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Thompson Pump & Irrigation grows from ag roots

Thompson Pump & Irrigation grows from ag roots

Thompson Pump & Irrigation grows from ag roots

By BRENNA WIEGAND For the Capital Press | Mar 4, 2022

Andy High, owner of Thompson Pump & Irrigation in Bend and Madras, Ore., knows firsthand the perils of farming and ranching where water is scarce.

His grandfather, Taylor High, 97, lives on the remaining 300 acres of the Klamath Falls ranch his family settled in the 1860s, which at one point was nearly 5,000 acres.

As Andy came of age, his father and grandfather told him the water wars weren’t likely to end anytime soon and urged him to go to college.

High earned a degree in public policy and spent the next 15 years working for legislators, including state Sen. Tim Knopp and U.S. Sen. Gordon Smith.

“In 2016 I decided I didn’t necessarily want to farm full-time but to get back in and give back to that community,” High said. “Coming in with Thompson Pumps was a golden opportunity, just a really great company, strong staff and strong community ties in Bend, where my wife Jennifer grew up.”

Ranch life for the High family revolved around hard work, 4-H and socializing at the Midland Grange Hall. Vacations were 4-H Fair Week and the State Grange Convention. His grandfather is one of the oldest living Grange members in the country, with his 85-year pin.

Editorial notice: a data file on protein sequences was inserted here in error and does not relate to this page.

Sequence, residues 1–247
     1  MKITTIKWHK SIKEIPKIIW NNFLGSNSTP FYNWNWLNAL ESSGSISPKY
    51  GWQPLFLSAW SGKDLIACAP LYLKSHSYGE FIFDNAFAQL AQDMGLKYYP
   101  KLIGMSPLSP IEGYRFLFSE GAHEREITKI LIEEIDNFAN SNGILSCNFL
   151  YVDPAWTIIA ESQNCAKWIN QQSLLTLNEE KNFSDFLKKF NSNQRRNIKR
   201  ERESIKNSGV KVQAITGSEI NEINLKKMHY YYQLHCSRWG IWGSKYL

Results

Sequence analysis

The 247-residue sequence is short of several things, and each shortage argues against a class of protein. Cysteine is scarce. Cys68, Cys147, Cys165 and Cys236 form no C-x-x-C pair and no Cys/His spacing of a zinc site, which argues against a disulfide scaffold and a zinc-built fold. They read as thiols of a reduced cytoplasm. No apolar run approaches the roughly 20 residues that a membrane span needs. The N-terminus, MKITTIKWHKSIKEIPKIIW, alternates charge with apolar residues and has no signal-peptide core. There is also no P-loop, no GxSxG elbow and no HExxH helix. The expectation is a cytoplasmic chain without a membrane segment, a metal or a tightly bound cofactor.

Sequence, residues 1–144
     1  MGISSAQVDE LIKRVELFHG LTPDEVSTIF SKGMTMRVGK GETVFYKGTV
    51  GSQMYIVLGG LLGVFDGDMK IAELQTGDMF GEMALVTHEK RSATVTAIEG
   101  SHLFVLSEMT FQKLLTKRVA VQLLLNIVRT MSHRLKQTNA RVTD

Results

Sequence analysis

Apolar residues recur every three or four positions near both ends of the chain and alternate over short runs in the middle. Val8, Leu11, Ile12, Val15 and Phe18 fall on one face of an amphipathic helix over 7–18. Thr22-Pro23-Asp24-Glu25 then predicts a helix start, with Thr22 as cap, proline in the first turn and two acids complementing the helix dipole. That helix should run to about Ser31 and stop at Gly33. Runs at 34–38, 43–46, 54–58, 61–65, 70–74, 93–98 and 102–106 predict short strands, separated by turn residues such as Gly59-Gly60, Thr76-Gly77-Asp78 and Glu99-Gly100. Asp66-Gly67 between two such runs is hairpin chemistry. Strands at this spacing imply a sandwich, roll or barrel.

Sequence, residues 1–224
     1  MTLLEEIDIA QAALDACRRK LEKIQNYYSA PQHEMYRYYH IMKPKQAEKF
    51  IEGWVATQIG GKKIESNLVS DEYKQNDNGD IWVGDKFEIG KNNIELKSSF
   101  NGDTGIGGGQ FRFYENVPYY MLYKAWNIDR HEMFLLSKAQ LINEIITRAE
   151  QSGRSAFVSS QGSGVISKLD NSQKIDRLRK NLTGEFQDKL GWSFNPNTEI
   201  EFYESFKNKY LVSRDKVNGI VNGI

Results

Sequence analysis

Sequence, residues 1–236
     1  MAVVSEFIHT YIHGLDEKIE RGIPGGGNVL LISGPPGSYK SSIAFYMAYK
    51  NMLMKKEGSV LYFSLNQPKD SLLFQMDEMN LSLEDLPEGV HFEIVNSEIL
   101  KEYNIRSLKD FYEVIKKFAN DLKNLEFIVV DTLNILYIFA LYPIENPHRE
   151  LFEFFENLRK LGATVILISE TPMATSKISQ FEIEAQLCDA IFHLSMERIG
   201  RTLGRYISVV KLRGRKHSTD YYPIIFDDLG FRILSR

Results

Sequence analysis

“It’s tough; with all the social media now and so many demands on people’s time there’s not a lot of that kind of community gathering happening anymore,” High said. “…Our ag roots are very important to our family.”

Giving farmers more time is a big motivator for High, who says being able to monitor and control irrigation pivots with a phone is a step in the right direction.

“That’s where our focus is and that’s what excites me about the industry, just the technology helping people,” High said. “We’re a Valley pivot dealer and do a lot of center pivots in Central Oregon. The AgSense products we’ll have on display at the show allow you full access to what’s going on with your machine, wherever you are.”

Soil moisture monitoring provides farmers with a daily report showing where more coverage is needed. The farmer can choose where to slow down or speed up the pivot to equalize water absorption remotely.

“Our goal is to give our farmers and ranchers more time,” High said. “If I can give you another hour in the day that you can go to the football game and not have to run out to a crop, to me that’s a huge victory.

“Within the next year we’ll have a fair amount of drone technology coming to center pivots,” High said. “They’ll be able to fly over your crop daily and within two years you’ll be getting down to which plants are struggling and be able to inject fertilizer from the center point to that section and then shut it off and continue going over other sections.

“Technology in farming is coming,” he said. “There are 7 billion people to feed and a small group that’s doing it.”

Such technology will allow farmers in Jefferson County, who must order water when they need it, to track the areas that still have water at the top level and plan how to stretch what they have.

“They may be able put off ordering water for another 6-7 days which, if you compound that over a season, can mean getting a second, third or fourth cutting, in some cases,” High said.

This spring’s addition of a third Thompson Irrigation & Pump location in Powell Butte has High’s name written all over it.

“We’re rehabbing the old Powell Butte Grange,” he said. “It’s a pretty cool building.”